12.18 – Usage of conditional compilation

by subbu on December 31, 2013

In previous session we have learned how source code can be send conditionally to the compiler. Now we will see, in practical where do we use conditional compilation. Conditional compilation is generally used in 3 cases

To experiment with the code:

Some times to satisfy the client, programmer may need to comment a part of source code, which he feels outdated in view of client. It involves rewriting a part of source code and deleting the old one.  But the experienced programmers know that client may want old code back as it was. Rather retyping the old code again it is a better practice to comment the old code using conditional compilation statements and getting back whenever we need the old code back. Some people may argue that, we can put the old code in /*    */ instead of using conditional compilation statements. But we might have already written comments that we are about to comment out. This would end up comments within comments (nested comments)

#include<stdio.h>
#define NEW
int main()
{
 ------------
 ------------
 #ifndef NEW
 --------------
 -------------- // old code
 --------------
 #else
 --------------
 -------------- // new code
 --------------
 #endif
 --------------
 --------------
}

In the above outlined example, old code is executed if the macro NEW is not defined with #define statement, new code is executed if the macro NEW is defined

To develop portable applications:

We know that, executable code generated for one architecture may not work on another architecture (platform dependency). Say for example, an organization has two different types of computers and we are expected to write a program that works on both the computers. We can do so by writing the code for both platforms and selecting proper code while compiling using conditional compilation statements.

#include<stdio.h>
#define INTEL
int main()
{
 ------------
 ------------   //common code
 ------------
 #ifdef INTEL
 --------------
 -------------- // code for INTEL
 --------------
 #else
 --------------
 -------------- // code for Motorola
 --------------
 #endif
 --------------
 -------------- // common code
 --------------
}

Here if the macro INTEL is defined then the common code and suitable code for INTEL would be send to the compiler. If the macro INTEL is not defined then common code and suitable code for Motorola would be send to the compiler

Header guards:

We know that, a header file can include another header file. Some times it may be possible to include the same header file for multiple times in different paths. It may result compiler error. header guard In the above example util.h is included into other header files arith.h and logic.h, both these header files are included into program main.c. Totally functions belongs to util.h are included into main.c for two times that are through arith.h and logic.h. To prevent this from happening, we use header guard using conditional compilation statement We use the following format whenever we define a function prototype or a function definition in a header file.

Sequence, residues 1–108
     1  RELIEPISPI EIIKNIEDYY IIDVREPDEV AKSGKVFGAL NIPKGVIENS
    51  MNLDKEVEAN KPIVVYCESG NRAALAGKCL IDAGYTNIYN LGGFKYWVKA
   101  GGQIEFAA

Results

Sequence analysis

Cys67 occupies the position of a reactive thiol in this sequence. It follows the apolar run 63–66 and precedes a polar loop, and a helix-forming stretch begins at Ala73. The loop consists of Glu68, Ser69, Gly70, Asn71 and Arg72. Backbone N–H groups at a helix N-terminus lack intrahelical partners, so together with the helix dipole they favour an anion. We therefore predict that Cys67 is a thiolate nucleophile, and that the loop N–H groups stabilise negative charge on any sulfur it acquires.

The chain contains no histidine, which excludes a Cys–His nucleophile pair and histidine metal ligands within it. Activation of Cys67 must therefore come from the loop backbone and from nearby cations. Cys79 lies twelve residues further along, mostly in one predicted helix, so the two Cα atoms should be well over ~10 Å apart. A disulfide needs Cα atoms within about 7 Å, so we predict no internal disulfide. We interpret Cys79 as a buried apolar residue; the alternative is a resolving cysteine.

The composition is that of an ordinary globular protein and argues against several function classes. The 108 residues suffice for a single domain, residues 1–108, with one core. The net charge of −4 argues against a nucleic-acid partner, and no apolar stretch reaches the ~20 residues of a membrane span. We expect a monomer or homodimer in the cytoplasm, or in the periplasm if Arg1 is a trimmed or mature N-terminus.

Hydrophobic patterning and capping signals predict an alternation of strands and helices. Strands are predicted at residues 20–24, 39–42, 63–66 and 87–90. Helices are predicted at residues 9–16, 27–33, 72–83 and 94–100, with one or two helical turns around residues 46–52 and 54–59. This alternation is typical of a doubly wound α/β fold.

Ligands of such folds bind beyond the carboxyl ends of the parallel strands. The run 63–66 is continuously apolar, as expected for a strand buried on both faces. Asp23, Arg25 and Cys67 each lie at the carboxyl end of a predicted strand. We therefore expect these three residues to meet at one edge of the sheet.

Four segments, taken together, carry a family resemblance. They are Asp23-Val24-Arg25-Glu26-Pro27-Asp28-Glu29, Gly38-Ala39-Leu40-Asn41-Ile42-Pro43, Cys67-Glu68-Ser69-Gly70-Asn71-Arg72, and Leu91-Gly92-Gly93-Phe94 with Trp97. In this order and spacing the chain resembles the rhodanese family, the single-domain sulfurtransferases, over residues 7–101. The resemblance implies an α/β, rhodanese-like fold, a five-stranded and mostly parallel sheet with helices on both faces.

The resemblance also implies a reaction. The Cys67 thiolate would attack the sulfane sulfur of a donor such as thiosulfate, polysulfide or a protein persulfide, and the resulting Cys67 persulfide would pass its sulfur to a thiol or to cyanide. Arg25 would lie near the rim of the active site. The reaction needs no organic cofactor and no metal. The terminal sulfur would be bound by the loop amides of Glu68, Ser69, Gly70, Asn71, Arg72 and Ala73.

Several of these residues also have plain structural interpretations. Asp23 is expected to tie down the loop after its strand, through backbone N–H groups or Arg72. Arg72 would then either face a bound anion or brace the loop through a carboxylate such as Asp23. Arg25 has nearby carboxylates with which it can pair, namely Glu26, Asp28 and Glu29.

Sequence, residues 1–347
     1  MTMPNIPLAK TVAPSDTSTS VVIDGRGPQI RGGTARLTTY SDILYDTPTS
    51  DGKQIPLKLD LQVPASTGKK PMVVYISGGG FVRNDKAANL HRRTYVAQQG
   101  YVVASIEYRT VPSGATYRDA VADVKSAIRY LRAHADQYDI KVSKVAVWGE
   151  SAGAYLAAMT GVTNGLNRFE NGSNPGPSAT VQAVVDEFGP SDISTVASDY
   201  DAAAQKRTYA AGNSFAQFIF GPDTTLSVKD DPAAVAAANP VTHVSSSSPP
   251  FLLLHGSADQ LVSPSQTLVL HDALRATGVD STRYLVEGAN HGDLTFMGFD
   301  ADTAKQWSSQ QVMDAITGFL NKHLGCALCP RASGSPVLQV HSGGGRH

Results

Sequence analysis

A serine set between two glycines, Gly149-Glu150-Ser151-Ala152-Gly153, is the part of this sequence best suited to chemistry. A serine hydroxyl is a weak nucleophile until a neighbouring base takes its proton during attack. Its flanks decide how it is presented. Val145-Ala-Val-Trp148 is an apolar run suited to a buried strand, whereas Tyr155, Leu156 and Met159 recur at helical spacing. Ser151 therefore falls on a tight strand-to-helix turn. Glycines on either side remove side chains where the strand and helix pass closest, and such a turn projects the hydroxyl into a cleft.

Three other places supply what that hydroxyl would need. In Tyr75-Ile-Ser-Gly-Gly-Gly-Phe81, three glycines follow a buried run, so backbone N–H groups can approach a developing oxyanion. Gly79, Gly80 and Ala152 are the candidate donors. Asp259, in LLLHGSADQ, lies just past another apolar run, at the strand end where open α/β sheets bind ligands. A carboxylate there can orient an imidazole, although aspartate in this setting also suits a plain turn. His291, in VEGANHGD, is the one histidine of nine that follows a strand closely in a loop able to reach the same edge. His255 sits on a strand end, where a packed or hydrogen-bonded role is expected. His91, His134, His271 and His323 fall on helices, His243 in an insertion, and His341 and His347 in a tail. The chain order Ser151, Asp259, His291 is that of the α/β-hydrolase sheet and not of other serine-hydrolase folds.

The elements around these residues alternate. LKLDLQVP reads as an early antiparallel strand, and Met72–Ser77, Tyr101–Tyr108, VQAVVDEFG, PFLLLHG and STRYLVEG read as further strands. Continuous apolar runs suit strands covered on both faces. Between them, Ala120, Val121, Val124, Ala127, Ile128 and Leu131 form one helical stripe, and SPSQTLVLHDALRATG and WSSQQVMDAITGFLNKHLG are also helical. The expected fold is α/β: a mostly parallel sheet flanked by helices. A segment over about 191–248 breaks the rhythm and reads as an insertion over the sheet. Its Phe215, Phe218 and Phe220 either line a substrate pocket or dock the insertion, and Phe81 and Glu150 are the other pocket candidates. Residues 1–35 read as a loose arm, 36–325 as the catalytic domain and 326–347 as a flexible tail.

#ifndef ARI
 #define ARI
 void adding(int x,int y);
 void sub(int x,int y);
#endif

When above header is included, the first thing it does is check whether ARI has been previous defined. If this is the first time we’ve included the header, ARI will not have been defined. Consequently, it #defines ARI and includes the contents of the file. If this is not the first time we’ve included the header, ARI will already have been defined from the first time the contents of the header were included. Consequently, the entire header will be ignored.

/* arith.h */
int sum(int x,int y)
{
 return x+y;
}
int sub(int x,int y)
{
 return x-y;
}

the above header file has no header guard, now we will see what happens when we include the header for multiple times

/* main.c */
#include "arith.h"
#include "arith.h"
int main()
{
 printf("Sum %d\n",sum(20,10));
 printf("Subtraction %d",sub(20,10));
 return 0;
}

Output in Turbo C: Error arith.h 2: Multiple declaration for ‘sum’ Error arith.h 6: Multiple declaration for ‘sub’ Output in Linux gcc: In file included from main.c:3: arith.h:1: error : redefinition of ‘sum’ arith.h:1: note: previous definition of ‘sum’ was here arith.h:5: error : redefinition of ‘sub’ arith.h:5: note: previous definition of ‘sub’ was here It can be rectified by using the header guard in arith.h. The header file with header guard is

 #ifndef ARI
 #define ARI
 /* arith.h */
 int sum(int x,int y)
 {
 return x+y;
 }
 int sub(int x,int y)
 {
 return x-y;
 }
 #endif

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